The Jonathan Jay Pollard Spy Case
Israel is so closely allied to the United States that some people have called the Jewish nation America's 51st state. The U.S. has strongly supported Israel in the wars it has fought throughout its brief and violent history. Moreover, America shares a great deal of the vital intelligence it gathers with Israel and vice versa. Indeed, the vast majority of American intelligence information that Israel would be interested in is voluntarily given over to it.
However, in the arcane world of statecraft, friendly countries do not share every piece of intelligence with each other. Thus, allies spy, a practice called "friendly espionage."
Why would the United States withhold intelligence from Israel? The interests of one country never perfectly coincide with another, no matter how close the two nations might be. As Wolf Blitzer writes in Territory of Lies, America does not share with Israel (or Israel with the U.S.) "information that it [feels] could compromise what the intelligence professionals call 'sources and methods' namely, how that information was collected." For example, CIA sources are kept secret from Israel because the American intelligence-gathering organization believes that those sources would dry up if the Israelis were told about them. American information concerning those Arab states with which it is friendly, such as Egypt, Saudi Arabia, and Jordan, are also not revealed to Israel. Intelligence is shared, even with allies, on a basis of exchange. If one country has a "mole" in the other, the latter's ability to receive intelligence from the former is greatly weakened.
The United States has been known to snoop on Israel. America took satellite reconnaissance photographs of Israeli military installations which Pollard illegally shared with Israel, helping them to develop better "masking" techniques. The Israelis have been convinced that there were American moles in their country and there has been some evidence to support their suspicion. Republican Senator David Durenberger of Minnesota charged that the CIA had an Israeli spy who started working for the US before Israel accepted the services of Jay Pollard. Immediately after the Pollard scandal broke, the late Yitzhak Rabin, who was then Israel's Defense Minister, said that Israel had found no less than five American spies working inside during the late 1970s and early 1980s. The spies were expelled from Israel, rather than prosecuted and imprisoned, to prevent too much conflict between the country and its American ally.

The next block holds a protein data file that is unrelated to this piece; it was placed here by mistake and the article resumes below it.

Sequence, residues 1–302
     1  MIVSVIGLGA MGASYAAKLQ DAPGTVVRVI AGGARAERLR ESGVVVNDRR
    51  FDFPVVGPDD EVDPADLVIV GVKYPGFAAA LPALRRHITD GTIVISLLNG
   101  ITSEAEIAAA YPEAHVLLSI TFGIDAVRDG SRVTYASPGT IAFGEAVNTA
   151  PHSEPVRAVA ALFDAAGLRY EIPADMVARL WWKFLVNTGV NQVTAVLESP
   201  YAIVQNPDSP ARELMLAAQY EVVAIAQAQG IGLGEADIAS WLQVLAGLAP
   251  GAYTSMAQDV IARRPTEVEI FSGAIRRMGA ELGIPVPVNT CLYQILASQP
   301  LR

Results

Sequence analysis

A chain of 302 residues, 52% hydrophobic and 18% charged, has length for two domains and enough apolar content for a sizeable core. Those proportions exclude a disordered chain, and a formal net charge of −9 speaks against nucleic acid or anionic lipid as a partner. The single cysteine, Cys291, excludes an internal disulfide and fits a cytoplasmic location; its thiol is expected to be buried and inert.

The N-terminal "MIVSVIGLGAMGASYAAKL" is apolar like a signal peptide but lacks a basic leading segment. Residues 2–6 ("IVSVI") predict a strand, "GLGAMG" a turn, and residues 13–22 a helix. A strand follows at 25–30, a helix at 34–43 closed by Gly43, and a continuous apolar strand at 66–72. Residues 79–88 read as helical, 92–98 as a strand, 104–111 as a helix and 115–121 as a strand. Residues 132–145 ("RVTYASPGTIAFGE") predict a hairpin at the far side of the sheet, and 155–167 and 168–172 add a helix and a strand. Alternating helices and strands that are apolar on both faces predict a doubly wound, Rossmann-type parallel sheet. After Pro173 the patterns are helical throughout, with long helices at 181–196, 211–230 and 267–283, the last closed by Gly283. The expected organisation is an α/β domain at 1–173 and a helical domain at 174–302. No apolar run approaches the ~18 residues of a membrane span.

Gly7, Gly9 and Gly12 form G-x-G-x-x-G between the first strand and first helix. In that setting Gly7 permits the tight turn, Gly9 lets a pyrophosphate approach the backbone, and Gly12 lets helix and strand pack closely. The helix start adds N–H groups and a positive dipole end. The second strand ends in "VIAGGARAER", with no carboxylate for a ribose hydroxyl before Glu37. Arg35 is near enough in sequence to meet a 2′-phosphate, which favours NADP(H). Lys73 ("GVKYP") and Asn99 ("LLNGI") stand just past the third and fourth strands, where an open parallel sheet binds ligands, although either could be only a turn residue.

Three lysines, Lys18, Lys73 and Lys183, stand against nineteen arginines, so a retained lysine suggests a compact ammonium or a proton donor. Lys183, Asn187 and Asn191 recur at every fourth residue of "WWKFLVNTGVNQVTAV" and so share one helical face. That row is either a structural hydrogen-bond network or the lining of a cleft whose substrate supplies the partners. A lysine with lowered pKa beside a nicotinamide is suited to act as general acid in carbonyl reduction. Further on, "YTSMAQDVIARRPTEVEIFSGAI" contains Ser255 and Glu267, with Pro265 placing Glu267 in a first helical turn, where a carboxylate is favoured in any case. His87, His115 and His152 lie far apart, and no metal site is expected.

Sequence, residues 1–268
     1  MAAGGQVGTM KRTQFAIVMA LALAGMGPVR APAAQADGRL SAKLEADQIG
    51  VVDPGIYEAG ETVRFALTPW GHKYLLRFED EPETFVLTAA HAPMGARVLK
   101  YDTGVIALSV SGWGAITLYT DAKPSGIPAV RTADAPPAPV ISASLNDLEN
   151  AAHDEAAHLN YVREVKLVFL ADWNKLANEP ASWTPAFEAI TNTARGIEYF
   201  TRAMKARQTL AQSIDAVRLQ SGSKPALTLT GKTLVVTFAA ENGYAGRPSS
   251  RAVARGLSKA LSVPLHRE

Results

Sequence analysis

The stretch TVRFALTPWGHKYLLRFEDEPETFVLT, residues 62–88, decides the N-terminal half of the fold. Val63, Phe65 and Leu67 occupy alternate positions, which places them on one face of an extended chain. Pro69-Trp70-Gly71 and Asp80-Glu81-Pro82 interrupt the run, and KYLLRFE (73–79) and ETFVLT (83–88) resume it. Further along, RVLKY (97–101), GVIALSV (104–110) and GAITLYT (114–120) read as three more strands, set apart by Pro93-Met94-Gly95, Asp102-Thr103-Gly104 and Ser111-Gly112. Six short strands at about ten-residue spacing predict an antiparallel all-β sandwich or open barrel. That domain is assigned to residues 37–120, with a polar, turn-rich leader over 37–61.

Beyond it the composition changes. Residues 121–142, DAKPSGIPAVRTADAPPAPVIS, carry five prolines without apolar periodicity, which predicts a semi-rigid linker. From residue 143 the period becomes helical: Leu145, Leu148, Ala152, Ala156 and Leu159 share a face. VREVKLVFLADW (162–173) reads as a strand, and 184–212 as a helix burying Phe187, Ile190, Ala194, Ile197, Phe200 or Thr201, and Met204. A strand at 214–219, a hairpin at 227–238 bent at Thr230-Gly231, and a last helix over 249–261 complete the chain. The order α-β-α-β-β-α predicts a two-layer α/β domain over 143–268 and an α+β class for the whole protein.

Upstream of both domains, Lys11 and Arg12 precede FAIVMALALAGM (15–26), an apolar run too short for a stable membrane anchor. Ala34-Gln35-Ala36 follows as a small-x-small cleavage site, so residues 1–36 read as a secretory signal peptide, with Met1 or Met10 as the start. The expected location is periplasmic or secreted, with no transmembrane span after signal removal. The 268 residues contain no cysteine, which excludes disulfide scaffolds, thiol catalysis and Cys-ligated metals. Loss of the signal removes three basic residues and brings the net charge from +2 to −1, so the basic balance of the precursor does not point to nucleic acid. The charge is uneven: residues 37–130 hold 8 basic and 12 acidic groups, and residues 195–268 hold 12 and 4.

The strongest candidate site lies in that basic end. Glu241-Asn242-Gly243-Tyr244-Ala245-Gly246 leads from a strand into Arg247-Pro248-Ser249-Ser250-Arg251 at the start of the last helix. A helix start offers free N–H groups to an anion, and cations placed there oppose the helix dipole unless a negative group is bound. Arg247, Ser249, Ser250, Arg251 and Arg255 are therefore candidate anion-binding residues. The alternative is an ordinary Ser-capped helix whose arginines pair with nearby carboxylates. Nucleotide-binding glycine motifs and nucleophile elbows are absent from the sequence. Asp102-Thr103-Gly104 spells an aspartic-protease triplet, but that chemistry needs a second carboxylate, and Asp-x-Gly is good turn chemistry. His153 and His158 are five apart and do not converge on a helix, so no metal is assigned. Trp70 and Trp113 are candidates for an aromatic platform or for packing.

Americans wondered why the Israelis would risk an international incident in order to obtain what they withheld from them. After all, the vast majority of data is shared. The answer lies in the extreme degree of concern that the little, tempest-tossed nation has for its security. As noted in an article on the case, "Why Israel spied on U. S." that appeared in U. S. News & World Report, "Officially, the Israeli government regrets the spy case. Unofficially, Israeli officials and private citizens alike repeatedly cite vital security concerns in defense of the action." The article also says, "To most [Israelis], Israel is a nation surrounded by enemies and must risk dispute with its one indispensable ally if it feels that ally is withholding information that Israel needs."